Ask Amy: Teenage driver wants to take a short cut

June 6, 2014 

Dear Amy: Our 17-year-old daughter would like to get her driver's license.

Her father and I told her several months ago that we would insist that she obtain all 60 hours of practice driving time (including 10 hours of night driving) that our state requires before she could take the driver's test.

We also stated that for her to actually drive, she would need to get a C- or better in all of her classes.

Now she is telling us we are unreasonable, crazy parents for requiring these things. She feels it is ridiculous to tie driving to grades (she is failing two of her classes) and that because she thinks night driving is "easier" than driving during daylight hours, she shouldn't have to complete those before she is allowed to take the test. Her older sister didn't present these issues to us when she was a young driver.

Are we being unreasonable? She reads your column most mornings before heading to school, so she may be curious to read your take on the matter.

— Responsible mom

Dear Mom: I am 100% behind your effort to produce a safe driver. Your daughter's insistence that night driving is "easier," for instance, is a perfect example of how much she has to learn.

I appreciate your choice to insist that she be a more seasoned driver before taking the test.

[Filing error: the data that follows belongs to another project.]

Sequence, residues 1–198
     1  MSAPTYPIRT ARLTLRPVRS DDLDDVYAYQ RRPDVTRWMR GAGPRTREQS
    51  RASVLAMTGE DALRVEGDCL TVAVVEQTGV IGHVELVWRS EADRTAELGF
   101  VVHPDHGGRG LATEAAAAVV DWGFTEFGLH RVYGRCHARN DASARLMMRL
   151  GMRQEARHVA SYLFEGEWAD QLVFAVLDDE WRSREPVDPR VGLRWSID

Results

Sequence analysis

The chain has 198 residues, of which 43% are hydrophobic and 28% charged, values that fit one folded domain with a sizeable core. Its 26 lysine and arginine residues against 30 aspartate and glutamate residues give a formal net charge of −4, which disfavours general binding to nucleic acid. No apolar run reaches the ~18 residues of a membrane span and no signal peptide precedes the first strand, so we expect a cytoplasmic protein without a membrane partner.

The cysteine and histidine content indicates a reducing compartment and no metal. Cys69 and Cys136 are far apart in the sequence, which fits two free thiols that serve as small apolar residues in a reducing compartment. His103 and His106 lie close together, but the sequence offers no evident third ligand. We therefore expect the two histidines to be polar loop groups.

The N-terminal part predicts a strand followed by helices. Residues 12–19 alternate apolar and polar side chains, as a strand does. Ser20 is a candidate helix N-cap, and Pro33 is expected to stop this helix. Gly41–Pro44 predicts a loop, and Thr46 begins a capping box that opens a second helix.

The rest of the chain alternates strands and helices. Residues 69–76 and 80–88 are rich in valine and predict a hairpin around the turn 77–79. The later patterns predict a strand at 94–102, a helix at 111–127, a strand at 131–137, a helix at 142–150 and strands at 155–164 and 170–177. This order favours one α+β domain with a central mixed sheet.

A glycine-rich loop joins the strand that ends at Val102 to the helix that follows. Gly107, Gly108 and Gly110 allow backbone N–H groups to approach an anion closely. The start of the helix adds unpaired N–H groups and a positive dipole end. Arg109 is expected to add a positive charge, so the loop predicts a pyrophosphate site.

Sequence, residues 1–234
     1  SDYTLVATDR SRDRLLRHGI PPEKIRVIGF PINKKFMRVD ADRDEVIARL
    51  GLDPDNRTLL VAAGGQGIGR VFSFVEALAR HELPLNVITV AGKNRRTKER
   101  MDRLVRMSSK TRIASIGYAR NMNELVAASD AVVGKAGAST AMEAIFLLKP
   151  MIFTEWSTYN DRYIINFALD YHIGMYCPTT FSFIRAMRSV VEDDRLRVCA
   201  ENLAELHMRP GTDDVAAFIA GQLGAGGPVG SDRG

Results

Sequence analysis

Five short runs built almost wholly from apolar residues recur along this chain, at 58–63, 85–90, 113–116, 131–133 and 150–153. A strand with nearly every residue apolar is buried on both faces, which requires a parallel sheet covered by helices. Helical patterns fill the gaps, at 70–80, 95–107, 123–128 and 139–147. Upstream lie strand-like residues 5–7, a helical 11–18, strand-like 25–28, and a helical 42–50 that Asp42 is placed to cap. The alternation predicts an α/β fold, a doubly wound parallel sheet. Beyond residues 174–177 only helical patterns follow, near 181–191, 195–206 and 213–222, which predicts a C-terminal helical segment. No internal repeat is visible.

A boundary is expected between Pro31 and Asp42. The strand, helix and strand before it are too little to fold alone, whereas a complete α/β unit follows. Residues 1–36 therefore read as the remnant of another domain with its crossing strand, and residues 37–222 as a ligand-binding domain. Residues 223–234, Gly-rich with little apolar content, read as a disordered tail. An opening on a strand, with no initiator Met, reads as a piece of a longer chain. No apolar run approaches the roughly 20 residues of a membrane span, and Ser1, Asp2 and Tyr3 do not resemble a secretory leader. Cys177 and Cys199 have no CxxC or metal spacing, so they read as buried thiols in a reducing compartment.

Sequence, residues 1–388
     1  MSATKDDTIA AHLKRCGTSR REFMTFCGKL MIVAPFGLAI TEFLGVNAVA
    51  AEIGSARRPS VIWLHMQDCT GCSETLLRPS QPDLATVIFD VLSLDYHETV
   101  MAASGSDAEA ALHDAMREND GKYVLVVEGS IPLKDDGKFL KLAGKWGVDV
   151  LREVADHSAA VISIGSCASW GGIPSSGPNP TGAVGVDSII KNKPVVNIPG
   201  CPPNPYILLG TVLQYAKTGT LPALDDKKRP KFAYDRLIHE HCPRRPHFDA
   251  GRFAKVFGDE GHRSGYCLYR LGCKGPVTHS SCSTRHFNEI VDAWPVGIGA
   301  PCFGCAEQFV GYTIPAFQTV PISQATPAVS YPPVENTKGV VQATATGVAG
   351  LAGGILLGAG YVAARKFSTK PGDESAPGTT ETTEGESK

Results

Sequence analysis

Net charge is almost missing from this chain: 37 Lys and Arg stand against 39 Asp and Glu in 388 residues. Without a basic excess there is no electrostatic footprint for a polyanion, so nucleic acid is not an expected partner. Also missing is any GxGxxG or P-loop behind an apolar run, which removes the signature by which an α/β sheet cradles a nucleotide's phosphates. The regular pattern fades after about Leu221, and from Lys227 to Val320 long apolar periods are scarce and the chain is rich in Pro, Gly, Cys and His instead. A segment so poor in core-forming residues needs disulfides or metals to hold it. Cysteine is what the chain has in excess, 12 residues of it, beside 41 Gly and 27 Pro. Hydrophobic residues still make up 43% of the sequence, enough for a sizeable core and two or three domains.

Plus, it is the law in your state. This makes it nonnegotiable.

In terms of your choice to link driving to her performance in school, driving (and using the car) should be linked to all sorts of things, including grades. It is a privilege, not a right, and it is important for a teen to demonstrate the ability to work toward a goal and achieve it.

Is your daughter working to the very limits of her ability? I hope so. If not, my only question is why you expect so little of her: A C- doesn't set a high standard.

Dear Amy: I hope you can stand yet more feedback on your response to "Sad Sister," the sanctimonious woman who participated in annual outings with another sister and other female relatives but excluded one sister.

While I was shocked that you would describe anyone as "horrible," I have to say I agree with you. As a sibling from a similar family dynamic, I assure you that it is horrible.

— Bullied sibling

Dear Bullied: Hearing from hundreds of people who have been excluded and bullied by family members has been an eye-opener for me.

 

You can contact Amy Dickinson via email at askamy@tribune.com, follow her on Twitter @askingamy or "like" her on Facebook.

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